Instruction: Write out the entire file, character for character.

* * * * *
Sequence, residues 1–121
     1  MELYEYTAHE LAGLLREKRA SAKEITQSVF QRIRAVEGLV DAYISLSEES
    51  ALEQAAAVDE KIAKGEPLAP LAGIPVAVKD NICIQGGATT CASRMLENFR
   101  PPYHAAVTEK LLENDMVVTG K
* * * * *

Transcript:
Sequence, residues 1–121
     1  MELYEYTAHE LAGLLREKRA SAKEITQSVF QRIRAVEGLV DAYISLSEES
    51  ALEQAAAVDE KIAKGEPLAP LAGIPVAVKD NICIQGGATT CASRMLENFR
   101  PPYHAAVTEK LLENDMVVTG K